Is it just me, or has the Apple iPhone invaded like a horde of locusts descending on a Nebraska corn field? It's everywhere I look. I get email from Apple about it; our Windows IT Pro authors are writing about it; I see ads on TV while I'm watching a baseball game—or, worse yet, some fan sitting behind home plate at the game is talking on one and waving at the camera. At least it's good to know the iPhone does work as a phone; that's not a feature of it that anyone is talking much about.

The topic turned to the iPhone in a recent conversation with Azaleos CTO Keith McCall. The question is whether it's useful in a business environment: Will it be adopted by business professionals, or is it just another cool Apple toy? Well, according to McCall, "We're finding pretty much across the board in all of our customers that at least one person in that company has purchased an iPhone. Typically it's an executive in the company—a vice president, a CIO, a CEO—and they're basically going to their IT department and saying, 'You know what, I've got this new device, I want it to work. Support me.'" So, even though its connectivity with Exchange isn't ideal, it is finding its way into corporations; as McCall put it, "It really is a top-down decision."

Still, McCall doesn't see business execs giving up their existing devices. "The functionality \[of iPhone\] is nowhere near as rich as that offered by a RIM BlackBerry or a Windows Mobile device," McCall said. "I think what you'll see is people using the iPhone as an auxiliary device."

The omnipresence of the iPhone is really just the latest symptom of the growing pool of mobile devices—BlackBerry, Motorola Q, Palm Treo, HP iPAQ, and tons more—and the IT department has to find a way to support them all. Originally, Azaleos customers reported that about 5 percent of their email base wanted to connect to Exchange via a mobile device; that's now gone to over 15 percent—in just three years. For Azaleos, that's a driving factor in developing new products and features.

In response to customer demand, the company's latest release is OneServer for MobileXchange, which supports Research in Motion's BlackBerry. OneServer is an appliance that keeps data safe behind the company firewall, with a managed services model. In developing the new BlackBerry support, Azaleos had four main points in mind:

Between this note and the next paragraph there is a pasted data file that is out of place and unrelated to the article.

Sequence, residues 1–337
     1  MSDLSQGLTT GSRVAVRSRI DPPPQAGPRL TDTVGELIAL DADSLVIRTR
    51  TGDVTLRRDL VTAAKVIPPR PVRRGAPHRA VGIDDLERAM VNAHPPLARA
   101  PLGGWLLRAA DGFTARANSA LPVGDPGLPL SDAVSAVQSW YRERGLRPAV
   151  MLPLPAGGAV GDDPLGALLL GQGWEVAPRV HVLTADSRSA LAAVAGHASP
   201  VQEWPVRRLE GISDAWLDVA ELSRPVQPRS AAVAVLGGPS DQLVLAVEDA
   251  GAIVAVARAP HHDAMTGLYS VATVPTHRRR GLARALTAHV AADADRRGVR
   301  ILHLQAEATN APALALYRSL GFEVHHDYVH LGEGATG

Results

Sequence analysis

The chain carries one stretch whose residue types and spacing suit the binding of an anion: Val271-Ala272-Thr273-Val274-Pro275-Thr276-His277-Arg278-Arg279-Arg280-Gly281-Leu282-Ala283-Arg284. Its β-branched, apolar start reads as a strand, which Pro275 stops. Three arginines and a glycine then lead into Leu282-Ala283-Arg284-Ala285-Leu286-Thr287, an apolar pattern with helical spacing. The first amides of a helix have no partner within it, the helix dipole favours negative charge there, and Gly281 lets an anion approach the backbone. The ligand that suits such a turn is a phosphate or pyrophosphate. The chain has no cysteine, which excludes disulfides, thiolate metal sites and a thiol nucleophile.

• secure device access to Exchange
  • high availability for BlackBerry Enterprise Server (BES)
  • failover in case of BES failure
  • reporting and monitoring functionality for IT

And, by the way, Azaleos OneServer with MobileXchange is ready to support iPhones through IMAP to connect to Exchange Server. Because iPhone doesn't support Exchange ActiveSync, IMAP is currently your only choice for over-the-air synchronization with Exchange. Although IMAP isn't the most secure protocol, McCall notes that it's unlikely to "create a huge security hole in customers' infrastructures." Azaleos posted a blog entry about getting the iPhone to work with Exchange, which you can find here.

OneServer with MobileXchange also supports Windows Mobile, which could make it the solution your IT department needs to support the variety of mobile devices in your organization. You can find out more about the company and its products on the Azaleos Web site.

So, readers out there in the IT world, is mobile device management causing you headaches? Have you worked with Azaleos products and could tell your fellow IT pros how they work? Are you getting requests to support the iPhone? Post a comment to tell us what you think.